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Our jobs failed us
Fear is not a factor
In life you must recognize that obstacles exist and accept that it is ok to detour and take an unlikely path. Understand that life does not come with certainty. There is always the possibility of failure. The most challenging part of setting a tone and course for your life is to accept that you might not always fulfill your purpose. Sometimes to experience joy, you must re-frame your expectations. By examining your own thoughts and feelings through introspection, you realize new goals can be set and fueled by this insight you are no longer led by a calling that exists in an alternate reality. Your ambitious nature takes root.
A few years ago, my husband and I were living an ideal life. We owned a home, managed the day to day affairs of raising a family with a sufficient income. We wanted for nothing. At the end of the month, our bills were always paid on time and we enjoyed life. We spent our money in such a way as to take advantage of life’s little pleasures. There were shopping outings with the family and mini vacations to name a few. We could do anything we wanted because we managed our resources. We had savings and 401K plans like most Americans. We did not live pay check to pay check. As with most good things, they end.
The end, for me, came abruptly. It started with an email to see my boss in his office. He solemnly advised me that he did not want to give me false hope. My term position, iin all likelihood, would not be renewed. For me, this was the unimaginable. I was just bestowed the honor of employee of the year a month prior for my organization. I was still riding the coattails of my success. And in my mind, bad things are not supposed to happen to good people. I learned that day…they do. Two months later I was given a plaque and a farewell party. With tears, I said my goodbyes. The end, for my husband, would be a simple matter of timing.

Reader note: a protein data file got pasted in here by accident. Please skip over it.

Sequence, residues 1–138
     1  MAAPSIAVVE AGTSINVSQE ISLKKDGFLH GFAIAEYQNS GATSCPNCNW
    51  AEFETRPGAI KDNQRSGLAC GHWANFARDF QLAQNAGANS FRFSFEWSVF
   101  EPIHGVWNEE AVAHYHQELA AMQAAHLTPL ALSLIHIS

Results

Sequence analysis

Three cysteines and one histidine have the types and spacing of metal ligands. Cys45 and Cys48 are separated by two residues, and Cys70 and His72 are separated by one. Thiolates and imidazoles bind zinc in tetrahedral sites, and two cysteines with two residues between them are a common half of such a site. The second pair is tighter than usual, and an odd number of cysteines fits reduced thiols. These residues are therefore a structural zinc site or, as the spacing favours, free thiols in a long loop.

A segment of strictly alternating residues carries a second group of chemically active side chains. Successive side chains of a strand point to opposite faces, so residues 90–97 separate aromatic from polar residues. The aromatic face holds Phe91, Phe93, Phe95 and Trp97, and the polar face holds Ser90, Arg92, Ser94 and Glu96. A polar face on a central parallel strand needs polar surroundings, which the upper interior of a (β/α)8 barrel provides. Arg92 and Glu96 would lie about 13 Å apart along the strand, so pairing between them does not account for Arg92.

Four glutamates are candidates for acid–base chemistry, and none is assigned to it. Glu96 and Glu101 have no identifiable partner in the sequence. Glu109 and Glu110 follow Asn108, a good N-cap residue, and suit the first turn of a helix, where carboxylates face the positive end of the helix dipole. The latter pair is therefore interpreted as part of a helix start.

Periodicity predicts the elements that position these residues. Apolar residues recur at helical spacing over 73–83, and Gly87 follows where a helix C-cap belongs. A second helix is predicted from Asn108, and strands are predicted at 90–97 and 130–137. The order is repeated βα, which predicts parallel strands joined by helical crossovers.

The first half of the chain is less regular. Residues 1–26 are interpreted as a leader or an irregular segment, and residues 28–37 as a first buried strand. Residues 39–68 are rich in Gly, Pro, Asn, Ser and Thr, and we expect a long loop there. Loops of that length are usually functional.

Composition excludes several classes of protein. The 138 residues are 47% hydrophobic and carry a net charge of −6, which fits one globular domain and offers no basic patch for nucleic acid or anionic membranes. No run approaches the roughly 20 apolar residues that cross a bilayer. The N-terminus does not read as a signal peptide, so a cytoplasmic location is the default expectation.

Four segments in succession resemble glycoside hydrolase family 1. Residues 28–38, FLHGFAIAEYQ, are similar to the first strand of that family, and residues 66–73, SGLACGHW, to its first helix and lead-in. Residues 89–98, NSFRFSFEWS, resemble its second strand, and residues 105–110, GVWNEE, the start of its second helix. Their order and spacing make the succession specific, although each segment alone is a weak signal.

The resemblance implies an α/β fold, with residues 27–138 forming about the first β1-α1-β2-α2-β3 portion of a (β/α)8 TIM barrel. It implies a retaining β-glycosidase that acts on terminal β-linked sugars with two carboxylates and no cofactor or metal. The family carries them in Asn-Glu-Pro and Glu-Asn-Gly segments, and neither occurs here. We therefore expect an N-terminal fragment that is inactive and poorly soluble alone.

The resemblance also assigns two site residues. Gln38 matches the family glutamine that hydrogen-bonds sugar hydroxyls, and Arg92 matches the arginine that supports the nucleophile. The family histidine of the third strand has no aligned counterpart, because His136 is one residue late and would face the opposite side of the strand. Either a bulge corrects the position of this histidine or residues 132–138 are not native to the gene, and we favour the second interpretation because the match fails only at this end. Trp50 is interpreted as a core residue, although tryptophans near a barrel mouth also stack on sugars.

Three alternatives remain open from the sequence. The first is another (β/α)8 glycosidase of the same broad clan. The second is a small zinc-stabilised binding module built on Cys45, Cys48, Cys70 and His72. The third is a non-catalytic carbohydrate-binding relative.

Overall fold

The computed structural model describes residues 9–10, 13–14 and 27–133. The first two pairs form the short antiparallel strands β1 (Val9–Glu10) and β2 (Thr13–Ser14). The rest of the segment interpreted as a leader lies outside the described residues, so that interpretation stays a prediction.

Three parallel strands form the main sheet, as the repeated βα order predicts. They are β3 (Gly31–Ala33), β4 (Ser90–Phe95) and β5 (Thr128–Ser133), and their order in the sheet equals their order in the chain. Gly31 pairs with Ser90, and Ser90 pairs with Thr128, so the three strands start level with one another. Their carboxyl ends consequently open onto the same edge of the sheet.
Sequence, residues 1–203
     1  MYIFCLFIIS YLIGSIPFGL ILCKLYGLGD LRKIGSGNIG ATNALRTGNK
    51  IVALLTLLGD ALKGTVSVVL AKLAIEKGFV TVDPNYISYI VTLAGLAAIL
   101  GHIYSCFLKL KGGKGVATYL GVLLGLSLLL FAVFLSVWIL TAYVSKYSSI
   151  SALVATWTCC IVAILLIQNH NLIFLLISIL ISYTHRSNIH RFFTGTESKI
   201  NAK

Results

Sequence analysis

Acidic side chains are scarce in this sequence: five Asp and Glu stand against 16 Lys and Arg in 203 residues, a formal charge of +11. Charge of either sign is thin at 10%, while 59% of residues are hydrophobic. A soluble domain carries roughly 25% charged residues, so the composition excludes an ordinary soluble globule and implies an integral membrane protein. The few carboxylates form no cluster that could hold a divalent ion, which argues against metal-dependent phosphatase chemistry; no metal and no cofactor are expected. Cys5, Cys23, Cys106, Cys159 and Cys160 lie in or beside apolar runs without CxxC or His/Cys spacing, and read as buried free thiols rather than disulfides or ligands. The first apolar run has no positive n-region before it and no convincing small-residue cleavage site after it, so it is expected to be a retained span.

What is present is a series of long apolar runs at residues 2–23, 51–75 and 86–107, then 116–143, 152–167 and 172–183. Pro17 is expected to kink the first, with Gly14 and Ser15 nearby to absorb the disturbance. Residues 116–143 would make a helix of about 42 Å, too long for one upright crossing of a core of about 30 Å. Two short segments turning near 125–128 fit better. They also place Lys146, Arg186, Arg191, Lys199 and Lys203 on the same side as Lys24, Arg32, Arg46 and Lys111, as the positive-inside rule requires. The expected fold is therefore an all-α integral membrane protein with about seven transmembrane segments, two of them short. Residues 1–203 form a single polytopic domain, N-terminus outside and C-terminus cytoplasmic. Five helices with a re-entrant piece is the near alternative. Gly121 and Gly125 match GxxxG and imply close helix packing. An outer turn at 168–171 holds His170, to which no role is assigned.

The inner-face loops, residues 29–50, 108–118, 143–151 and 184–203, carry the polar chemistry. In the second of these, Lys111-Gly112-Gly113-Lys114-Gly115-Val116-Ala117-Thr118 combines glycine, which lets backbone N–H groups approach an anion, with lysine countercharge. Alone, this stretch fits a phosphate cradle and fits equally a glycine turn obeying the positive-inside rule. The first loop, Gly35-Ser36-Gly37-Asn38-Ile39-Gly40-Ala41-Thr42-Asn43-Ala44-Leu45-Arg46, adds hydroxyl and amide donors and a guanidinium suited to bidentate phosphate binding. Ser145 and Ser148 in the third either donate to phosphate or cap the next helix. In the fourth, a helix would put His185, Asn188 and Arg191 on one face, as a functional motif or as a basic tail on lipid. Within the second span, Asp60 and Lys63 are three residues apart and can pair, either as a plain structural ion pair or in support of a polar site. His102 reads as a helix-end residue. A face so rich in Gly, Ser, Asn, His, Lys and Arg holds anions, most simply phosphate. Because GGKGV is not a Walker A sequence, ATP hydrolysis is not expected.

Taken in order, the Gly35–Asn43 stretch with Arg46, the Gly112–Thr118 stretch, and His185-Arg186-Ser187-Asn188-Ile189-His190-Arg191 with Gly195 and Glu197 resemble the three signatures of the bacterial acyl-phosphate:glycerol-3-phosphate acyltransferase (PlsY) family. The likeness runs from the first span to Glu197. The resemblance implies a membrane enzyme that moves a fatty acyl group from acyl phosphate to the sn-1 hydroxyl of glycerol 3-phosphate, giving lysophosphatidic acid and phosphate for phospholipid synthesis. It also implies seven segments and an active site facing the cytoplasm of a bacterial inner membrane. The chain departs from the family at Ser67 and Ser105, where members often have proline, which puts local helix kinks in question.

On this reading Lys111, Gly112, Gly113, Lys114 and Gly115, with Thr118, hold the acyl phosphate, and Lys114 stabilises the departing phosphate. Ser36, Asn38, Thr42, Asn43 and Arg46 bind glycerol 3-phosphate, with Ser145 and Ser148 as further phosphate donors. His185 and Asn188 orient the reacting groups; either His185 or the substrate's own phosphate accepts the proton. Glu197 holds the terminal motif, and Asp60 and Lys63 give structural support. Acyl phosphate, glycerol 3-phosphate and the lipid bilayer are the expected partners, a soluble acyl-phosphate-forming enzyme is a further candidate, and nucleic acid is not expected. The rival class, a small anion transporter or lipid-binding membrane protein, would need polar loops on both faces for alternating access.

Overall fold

I've learned the hard way that there is no way to avoid the perils of uncertainty. A few weeks into the start of my new adventure in unemployment, my husband came home with some news of his own. Like me, his term position was not to be renewed. After five years with his company it would end with him being released from employment by the end of the month. No farewell party for him, but a small severance check.
So here is where I learned, “We can undertake any action, we and this action, not the fear, will create our future.” I smiled and held back tears as I attempted to support my husband in the same manner as he did me. This did not mean that I stood strong in the absence of fear. No, this just meant that at that moment I stood, silently sobbing, in the midst of it. My mind firmly planted in a new state of concern and my heart filled with turmoil. As for my husband, he had already decided that he would not be plagued with worries. We would use his severance check to take one final family vacation; perhaps our last.
My husband’s reassurance that we would not feel the sting of this misfortune; was the turning point for me. I was able to negate my overwhelming fear of doomsday and see it as a stroke of bad luck. This was a mere stumbling block in our lives. We had fallen, victims of a downed economy, but we could play the roles of victims or hero and heroine.
I will not bore you with all of the trivial details of what happened next, but understand that in this time frame of upheaval we learned a lot. Mainly we learned about ourselves and how stressors impact relationships. We developed a mutual understanding that informing others of the gravity of our situation was not necessary. Our bond strengthened as we became more united and fixated on keeping our family afloat. We sustained a positive outlook and developed a mission statement for ourselves. To put it simply, we were on a path to defeat fear. Fears, when faced alone, are always worse and at this time in our lives we clung closely to one another for support.
We learned to react differently to fear and renew our spiritual lives. I embraced my lack of employment. I used this time to reconnect with others by volunteering. My husband used this time to research different career paths and embark on a course of study that would be the beginning of our new future. We devoted more time to prayer and attempting to understand God’s word every day. We confidently relied on God to sustain us; to rebuild our finances and to give us prospects. We learned to cope, endure and have faith. We learned to rely on our skills. We began cooking instead of eating out. We began to budget every bit of money we had. Trips to the mall became trips to the thrift stores. Designer bottles of perfume, watches, clothes and handbags were replaced by gifts from the heart on our anniversary and birthdays. We began to enjoy all of the free events our community held. We did away with cable and paid a minimal fee to stream shows. We made a lot of concessions, but we realized that we were still rich. Our memory bank was full of good times because we chose to experience joy through it all.
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